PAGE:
Wow. Our experiment is off to a great start—let's see if we can finish it off sooner than expected.
PRIORITIES....Pakistan's economy is about to implode and they're looking for help:
President Asif Ali Zardari arrived in Beijing on Tuesday for a four-day state visit as concern has surged over a possible debt default by Pakistan that could cripple its economy and spark more civil unrest. While the amount of money Pakistan needs in the short term is relatively small $4 billion to $6 billion analysts say the climate of crisis and public anger over domestic bailouts in the United States and Western Europe have made even a modest infusion from its Western allies politically difficult.
....The Bush administration and Congress have been shaping a long-term economic and military assistance package for Pakistan, but there is no indication the United States is able to step in with a short-term financial lifeline.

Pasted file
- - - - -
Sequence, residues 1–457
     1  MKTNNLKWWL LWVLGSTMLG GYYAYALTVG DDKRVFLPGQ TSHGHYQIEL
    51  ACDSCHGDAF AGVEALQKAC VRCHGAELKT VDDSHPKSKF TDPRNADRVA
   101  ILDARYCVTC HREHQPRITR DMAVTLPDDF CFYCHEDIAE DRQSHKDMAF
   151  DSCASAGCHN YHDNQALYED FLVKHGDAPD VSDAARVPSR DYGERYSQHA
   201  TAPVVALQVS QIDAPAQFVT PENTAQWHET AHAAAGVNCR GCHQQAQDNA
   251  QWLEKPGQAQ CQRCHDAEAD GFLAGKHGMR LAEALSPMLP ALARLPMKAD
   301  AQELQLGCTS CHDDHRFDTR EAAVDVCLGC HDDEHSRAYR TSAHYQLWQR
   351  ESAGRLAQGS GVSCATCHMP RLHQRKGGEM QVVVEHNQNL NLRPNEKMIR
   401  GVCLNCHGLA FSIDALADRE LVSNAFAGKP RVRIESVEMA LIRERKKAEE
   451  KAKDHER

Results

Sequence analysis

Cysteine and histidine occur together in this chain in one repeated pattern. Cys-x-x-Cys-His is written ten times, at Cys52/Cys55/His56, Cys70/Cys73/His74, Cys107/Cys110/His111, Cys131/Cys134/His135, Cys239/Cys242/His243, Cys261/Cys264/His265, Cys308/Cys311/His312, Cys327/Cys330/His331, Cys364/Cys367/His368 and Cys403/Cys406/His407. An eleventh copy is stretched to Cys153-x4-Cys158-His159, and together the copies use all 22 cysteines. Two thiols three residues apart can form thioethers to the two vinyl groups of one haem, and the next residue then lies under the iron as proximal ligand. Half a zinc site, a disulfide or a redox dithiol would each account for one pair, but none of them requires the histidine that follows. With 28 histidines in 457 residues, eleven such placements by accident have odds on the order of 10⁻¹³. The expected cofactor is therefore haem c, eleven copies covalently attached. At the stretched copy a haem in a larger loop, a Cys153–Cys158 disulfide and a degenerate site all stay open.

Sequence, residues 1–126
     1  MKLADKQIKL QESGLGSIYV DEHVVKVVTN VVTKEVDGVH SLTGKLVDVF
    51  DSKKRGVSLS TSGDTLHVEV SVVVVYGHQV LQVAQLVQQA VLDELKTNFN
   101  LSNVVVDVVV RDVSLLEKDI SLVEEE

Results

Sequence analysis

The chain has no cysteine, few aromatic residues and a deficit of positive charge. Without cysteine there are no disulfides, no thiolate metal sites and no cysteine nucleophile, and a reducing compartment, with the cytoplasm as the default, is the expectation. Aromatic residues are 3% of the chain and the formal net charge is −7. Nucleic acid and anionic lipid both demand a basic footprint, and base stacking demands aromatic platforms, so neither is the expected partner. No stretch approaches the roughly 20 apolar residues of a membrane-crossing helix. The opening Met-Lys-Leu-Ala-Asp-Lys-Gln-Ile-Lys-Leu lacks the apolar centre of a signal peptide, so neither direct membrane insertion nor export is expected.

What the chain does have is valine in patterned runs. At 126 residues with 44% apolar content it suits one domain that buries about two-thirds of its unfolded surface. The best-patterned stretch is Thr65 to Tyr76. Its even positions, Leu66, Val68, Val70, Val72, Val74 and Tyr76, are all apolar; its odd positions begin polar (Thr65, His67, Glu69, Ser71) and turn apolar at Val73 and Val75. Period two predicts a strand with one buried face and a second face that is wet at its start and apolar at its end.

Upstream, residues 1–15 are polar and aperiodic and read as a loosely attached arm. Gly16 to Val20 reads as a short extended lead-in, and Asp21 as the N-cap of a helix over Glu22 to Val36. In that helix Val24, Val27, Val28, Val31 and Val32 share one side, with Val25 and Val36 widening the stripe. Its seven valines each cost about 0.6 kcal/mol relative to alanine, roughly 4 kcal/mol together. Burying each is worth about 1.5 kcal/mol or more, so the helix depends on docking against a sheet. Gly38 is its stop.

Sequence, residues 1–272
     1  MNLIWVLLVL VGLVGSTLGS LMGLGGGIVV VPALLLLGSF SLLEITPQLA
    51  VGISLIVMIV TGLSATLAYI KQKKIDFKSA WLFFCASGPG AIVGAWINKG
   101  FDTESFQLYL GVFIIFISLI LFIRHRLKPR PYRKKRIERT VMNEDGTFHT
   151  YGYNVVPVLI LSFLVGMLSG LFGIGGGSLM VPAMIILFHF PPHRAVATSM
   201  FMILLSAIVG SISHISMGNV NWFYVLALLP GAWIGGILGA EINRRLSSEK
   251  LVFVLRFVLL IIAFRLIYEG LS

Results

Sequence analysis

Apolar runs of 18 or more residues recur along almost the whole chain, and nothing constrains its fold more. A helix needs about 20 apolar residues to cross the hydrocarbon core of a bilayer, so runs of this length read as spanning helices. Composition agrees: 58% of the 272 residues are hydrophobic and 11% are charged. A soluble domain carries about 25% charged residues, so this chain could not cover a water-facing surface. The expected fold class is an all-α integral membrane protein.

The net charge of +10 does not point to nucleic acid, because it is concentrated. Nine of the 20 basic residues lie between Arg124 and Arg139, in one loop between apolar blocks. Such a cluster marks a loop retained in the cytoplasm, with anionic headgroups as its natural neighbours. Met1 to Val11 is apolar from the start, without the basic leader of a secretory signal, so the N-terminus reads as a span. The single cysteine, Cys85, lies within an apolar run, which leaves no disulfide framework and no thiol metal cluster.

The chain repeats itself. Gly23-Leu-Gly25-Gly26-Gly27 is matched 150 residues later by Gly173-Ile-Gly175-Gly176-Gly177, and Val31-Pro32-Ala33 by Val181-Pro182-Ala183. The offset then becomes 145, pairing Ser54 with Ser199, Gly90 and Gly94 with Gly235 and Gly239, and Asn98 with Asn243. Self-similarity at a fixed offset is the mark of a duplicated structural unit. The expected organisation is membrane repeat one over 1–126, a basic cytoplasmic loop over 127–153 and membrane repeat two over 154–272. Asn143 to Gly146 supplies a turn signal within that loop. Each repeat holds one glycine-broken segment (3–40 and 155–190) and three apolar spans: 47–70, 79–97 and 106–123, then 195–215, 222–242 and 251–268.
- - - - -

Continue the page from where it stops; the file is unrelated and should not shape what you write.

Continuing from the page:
Pakistan is going to the Chinese now "because you go to the guys with the money," a senior International Monetary Fund official said. "And right now, the Chinese are the ones with the money."
By itself, this isn't a big deal. Pakistan has long been friendly with China, so there's no reason they shouldn't ask them for assistance.
Still, this is the kind of thing that's a canary in the coal mine. Global power generally flows to "the ones with the money," and to the extent that this is China, not the United States, our influence in the world inevitably wanes. In other words, it's not just a platitude to say that getting our economic shop in order really is at least as important as the fact that we can project military power into places like Iraq and Afghanistan. In fact, considering how well that projection has gone lately, it's probably more important and that means that it's time to get our priorities in order. This is decidedly not the right way to do it.
UPDATE: Dan Drezner says, "this is a very small canary." I agree.